Tag Archives: security

A guide to Facebook privacy settings

Ghacks has published here a small but useful guide to basi security settings in Facebook.

Suggestions include the fact that “[…] , this menu is entirely customizable. If you do not want anyone who is not on your friends list to access any of your information then you can do this from here. If you don’t mind if friends of friends also have access to your profile then this is an option too. For example, if I wanted everyone to be able to see when my birthday is then I would first click on the ‘Customize Settings’ tab. From here, I would enable everyone to see my birthday. It is as simple as that. Let’s take a closer look at each of the different settings that you can edit when it comes to Facebook privacy. […]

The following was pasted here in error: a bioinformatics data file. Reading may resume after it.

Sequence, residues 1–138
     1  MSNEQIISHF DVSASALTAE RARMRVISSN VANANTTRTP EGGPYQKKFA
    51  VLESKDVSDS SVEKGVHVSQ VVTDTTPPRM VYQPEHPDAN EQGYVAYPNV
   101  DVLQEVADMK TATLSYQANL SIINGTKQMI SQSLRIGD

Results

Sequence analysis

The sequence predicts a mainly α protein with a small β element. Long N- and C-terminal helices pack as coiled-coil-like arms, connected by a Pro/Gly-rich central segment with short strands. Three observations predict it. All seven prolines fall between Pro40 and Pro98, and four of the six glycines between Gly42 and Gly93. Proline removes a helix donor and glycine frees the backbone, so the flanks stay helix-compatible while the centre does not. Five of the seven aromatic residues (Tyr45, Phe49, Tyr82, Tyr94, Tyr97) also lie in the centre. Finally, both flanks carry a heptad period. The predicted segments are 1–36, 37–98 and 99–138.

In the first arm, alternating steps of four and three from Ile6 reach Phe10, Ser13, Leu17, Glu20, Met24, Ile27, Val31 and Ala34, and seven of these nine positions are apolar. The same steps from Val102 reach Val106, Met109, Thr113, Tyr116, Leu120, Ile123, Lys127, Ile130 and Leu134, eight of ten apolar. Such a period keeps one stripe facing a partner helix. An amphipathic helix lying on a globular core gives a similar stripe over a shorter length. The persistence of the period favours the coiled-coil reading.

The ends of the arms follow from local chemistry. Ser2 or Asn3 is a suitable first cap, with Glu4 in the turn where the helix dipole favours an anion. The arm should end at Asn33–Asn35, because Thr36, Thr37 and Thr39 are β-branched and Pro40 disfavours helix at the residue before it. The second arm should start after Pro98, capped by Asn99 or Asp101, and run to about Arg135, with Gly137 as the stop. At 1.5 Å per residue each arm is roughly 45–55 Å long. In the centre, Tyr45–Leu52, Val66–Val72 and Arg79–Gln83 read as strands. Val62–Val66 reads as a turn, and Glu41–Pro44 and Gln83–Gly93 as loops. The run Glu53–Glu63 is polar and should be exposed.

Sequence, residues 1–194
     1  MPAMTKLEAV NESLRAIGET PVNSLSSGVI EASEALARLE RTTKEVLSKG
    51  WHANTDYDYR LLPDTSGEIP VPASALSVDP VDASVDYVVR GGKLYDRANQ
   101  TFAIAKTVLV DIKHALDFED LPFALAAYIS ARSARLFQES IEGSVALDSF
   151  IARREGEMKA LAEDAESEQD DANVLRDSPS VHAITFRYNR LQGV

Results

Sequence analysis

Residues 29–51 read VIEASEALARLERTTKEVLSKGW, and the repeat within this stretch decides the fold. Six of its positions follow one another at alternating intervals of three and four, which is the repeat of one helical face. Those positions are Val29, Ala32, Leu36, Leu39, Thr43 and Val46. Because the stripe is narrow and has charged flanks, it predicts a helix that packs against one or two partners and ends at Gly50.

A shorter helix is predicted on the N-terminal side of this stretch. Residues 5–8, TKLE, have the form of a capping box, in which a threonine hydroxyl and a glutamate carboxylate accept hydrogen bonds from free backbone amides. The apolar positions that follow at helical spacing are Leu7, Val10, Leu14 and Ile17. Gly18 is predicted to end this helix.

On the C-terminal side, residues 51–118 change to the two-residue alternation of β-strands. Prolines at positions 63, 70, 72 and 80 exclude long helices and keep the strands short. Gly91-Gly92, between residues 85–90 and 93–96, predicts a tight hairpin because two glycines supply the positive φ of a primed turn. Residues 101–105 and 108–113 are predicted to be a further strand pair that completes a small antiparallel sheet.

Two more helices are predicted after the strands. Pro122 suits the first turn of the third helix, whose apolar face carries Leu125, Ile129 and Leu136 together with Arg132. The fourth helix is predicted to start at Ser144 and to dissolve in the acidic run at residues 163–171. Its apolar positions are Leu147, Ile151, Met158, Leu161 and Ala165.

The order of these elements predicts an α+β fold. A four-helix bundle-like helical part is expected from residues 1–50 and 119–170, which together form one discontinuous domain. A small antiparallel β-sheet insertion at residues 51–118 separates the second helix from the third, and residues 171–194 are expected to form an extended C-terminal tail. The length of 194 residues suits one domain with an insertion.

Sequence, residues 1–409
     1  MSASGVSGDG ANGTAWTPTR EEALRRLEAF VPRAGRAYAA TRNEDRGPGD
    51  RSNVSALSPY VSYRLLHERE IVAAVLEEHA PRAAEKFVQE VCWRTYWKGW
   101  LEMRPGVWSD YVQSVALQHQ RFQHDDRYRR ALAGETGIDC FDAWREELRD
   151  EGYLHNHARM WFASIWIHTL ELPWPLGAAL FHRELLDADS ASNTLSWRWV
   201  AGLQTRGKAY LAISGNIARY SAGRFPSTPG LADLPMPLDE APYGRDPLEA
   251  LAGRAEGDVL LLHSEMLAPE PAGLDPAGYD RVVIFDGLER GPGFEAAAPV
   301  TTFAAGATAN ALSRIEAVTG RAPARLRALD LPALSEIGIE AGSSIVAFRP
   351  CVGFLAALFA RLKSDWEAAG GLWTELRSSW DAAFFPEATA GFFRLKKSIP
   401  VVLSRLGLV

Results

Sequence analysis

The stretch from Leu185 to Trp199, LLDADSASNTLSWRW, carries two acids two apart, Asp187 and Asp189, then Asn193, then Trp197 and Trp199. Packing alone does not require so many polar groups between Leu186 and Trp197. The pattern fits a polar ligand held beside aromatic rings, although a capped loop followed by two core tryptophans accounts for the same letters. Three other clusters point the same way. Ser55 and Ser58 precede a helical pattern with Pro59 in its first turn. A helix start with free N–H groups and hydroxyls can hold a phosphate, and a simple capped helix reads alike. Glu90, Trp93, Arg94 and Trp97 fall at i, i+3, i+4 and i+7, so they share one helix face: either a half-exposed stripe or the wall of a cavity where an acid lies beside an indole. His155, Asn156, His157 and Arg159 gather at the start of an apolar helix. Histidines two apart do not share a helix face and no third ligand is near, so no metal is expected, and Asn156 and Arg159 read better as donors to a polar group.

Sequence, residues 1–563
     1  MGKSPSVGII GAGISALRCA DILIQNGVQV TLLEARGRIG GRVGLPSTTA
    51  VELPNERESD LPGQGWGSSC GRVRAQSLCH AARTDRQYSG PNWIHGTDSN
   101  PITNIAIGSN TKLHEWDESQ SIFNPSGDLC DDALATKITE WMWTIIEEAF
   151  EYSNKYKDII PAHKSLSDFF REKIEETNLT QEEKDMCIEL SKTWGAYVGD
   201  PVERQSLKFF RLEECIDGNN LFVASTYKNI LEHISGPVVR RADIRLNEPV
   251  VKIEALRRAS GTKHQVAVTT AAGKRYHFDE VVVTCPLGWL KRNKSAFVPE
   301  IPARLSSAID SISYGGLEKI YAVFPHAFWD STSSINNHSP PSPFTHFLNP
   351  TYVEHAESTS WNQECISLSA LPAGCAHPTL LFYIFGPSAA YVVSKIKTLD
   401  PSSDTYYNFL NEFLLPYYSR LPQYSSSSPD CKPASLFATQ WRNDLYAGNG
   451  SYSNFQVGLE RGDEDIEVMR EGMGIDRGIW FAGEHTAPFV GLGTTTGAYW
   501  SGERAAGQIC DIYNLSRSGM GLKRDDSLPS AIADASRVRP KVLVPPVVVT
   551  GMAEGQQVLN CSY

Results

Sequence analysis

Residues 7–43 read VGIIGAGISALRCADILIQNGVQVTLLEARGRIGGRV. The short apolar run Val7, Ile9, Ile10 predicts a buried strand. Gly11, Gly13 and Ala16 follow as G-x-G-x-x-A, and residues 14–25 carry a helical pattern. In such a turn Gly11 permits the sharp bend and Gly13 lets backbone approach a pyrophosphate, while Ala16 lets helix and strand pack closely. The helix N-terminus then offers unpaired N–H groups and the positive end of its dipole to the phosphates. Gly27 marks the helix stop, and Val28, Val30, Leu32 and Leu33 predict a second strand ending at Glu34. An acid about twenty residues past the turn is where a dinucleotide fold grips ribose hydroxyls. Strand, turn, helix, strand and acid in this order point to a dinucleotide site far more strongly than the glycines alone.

First of all is the ‘Posts by me’ section. This will include any status updates that you write, any wall posts that you make, or any photos that you upload. Obviously, the most sensible thing to do here is to set this to ‘Friends only’. This is because you do not want people that you do not know getting access to things that you have said, or your personal information or images.
The ‘Bio and Favourite Quotations’ section is up to you whether or not you would like to make this section private. However, it is important to remember that you may be putting private information about yourself in the Bio section which others will be able to see if you do allow this section to be public rather than private. The ‘Family and Relationships’ section is another one that is best kept private. The reason for this is because if you allow this information to be public then everyone can see members of your family which not everyone would be comfortable with. Of course, it is up to you, but it is best to be on the safe side. The rest of the information in this section of the privacy settings would usually be better if it were set to ‘Friends Only’, because it is all personal information. […]”